Kyle Bryant is a man on a mission. He’s living with a rare disease called Friedreich’s Ataxia (FA). Diagnosed at age 17, it causes him to be extremely unsteady on his feet. FA isn’t just about mobility. It causes vision and hearing loss, as well as shortening the lives of those who have it. There is no cure.
In his moving memoir, Bryant tells what it was like to learn he had this disease. At first he and his family just thought he was klutzy. You know, teenagers don’t always have a great sense of their body. But Kyle was an athletic, outdoorsy California kid. He’d grown up doing active things. So this unsteadiness didn’t make sense. What they weren’t prepared for was this stunning, life-changing diagnosis.
The other life changing event in Bryant’s life is his discovery that riding a three-wheel recumbent bicycle (“trike”) works for him. He feels like a regular guy on the trike, and has a chance to enjoy the athleticism that previously eluded him. So he goes all in!
With very little practical experience or planning, Bryant arranges to ride with his dad from California to Memphis. They just decide to do it, wrangle Mom and various companions, and start. Their goal is a yearly FA conference and fundraising for the disease. Plus, of course, Graceland. They also have plans to stop at some FA research facilities along the way. It’s a ballsy move.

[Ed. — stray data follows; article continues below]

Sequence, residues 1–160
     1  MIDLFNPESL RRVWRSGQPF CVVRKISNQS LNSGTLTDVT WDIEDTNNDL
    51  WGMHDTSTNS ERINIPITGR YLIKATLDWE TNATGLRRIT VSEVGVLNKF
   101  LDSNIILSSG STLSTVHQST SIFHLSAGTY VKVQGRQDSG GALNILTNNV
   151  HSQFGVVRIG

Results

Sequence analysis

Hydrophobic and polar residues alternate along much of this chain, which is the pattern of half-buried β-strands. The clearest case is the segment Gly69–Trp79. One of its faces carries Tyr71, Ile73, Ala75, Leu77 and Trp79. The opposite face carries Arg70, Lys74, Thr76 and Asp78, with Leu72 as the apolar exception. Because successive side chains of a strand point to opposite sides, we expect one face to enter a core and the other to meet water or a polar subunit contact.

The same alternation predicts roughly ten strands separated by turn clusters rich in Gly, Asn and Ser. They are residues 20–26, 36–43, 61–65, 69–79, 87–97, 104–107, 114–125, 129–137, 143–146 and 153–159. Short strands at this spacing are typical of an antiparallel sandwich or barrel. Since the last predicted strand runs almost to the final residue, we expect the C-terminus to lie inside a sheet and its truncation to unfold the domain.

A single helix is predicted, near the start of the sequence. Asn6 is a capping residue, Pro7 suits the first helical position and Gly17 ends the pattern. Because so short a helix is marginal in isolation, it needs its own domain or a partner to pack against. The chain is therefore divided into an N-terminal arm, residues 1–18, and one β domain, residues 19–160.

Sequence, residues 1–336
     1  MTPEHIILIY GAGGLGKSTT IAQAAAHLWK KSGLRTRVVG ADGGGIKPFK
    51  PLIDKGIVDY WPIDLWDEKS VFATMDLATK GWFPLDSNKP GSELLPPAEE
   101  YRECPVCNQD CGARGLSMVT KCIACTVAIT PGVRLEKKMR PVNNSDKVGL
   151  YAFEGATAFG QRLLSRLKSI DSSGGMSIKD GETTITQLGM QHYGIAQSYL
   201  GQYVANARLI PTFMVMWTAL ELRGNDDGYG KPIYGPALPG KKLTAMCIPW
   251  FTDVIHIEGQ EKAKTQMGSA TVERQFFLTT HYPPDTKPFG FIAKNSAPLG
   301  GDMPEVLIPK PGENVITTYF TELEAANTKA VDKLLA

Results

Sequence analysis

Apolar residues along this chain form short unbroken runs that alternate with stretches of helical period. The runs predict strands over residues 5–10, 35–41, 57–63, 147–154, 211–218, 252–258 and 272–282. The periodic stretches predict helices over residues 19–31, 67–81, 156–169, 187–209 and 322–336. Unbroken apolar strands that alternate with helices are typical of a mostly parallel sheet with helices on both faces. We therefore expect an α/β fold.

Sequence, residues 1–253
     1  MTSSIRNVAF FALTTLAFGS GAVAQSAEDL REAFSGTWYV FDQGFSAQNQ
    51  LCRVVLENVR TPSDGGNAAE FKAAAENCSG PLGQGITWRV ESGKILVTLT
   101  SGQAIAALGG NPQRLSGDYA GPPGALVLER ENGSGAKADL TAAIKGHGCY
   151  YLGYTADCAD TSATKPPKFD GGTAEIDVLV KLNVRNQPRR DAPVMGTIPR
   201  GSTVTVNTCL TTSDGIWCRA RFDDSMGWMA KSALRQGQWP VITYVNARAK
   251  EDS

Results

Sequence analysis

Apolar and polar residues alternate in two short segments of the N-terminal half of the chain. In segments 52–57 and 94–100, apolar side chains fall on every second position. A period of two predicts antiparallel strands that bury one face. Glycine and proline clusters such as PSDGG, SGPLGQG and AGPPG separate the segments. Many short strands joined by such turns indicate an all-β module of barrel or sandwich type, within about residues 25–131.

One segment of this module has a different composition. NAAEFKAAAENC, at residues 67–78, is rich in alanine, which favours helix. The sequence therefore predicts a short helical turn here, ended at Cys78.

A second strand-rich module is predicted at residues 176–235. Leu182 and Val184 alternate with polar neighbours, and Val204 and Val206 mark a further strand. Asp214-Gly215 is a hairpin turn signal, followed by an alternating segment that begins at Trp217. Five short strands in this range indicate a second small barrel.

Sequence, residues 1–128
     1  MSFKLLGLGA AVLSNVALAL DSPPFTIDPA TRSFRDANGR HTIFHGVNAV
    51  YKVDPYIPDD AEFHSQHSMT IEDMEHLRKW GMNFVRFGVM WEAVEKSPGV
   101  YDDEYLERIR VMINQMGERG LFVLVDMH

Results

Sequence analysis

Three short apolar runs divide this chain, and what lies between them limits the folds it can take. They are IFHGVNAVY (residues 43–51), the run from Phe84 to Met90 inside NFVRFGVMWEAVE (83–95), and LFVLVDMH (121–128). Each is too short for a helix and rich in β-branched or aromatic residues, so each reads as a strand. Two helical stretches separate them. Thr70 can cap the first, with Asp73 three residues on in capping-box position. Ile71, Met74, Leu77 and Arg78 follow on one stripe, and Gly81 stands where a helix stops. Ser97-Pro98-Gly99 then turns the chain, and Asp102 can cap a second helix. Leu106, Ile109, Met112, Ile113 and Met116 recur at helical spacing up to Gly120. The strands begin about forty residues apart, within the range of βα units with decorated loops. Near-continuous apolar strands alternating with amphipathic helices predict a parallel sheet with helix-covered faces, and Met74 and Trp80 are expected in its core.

I love a good medical memoir. This fits that bill. But it’s also an adventure story, because riding bicycles across the country is nothing short of epic. And Bryant does it twice in the book. Once they complete the first ride, the experience gets under his skin and he wants to keep doing it. Plus, he discovers it’s a great fundraising vehicle.
As he rides, Bryant does a lot of thinking also. The open spaces ahead of him seem to give Bryant the mind space to ponder. So his memoir includes plenty about the mental and emotional process of having a rare disease. Structurally, the philosophical aspects of the disease are mixed in nicely amongst the adventure. They never get overbearing or trite.
Bryant’s journey relates to my life in several ways, so I found it especially meaningful. I live with some life-altering diagnoses, some more rare than others. I can relate to the need to process that, as well as to the desire to make the most of the life you have.
Also, back in 2008, before my medical journey began, I was the massage therapist for a team of cyclists completing Race Across America (RAAM). It was the hardest thing I’ve ever done. This is the second epic event Bryant tells about, although his team rode in 2010. As a former participant, I wished for more about RAAM in this book. Instead, I’ll have to hunt down Bryant’s film documentary about their ride.
Bryant is an inspiring and motivational figure. His story is moving and worth a look, especially if you like adventures and medical journeys.
Many thanks to the author and publisher, Health Communications, Inc. for a copy of this book in exchange for this honest review.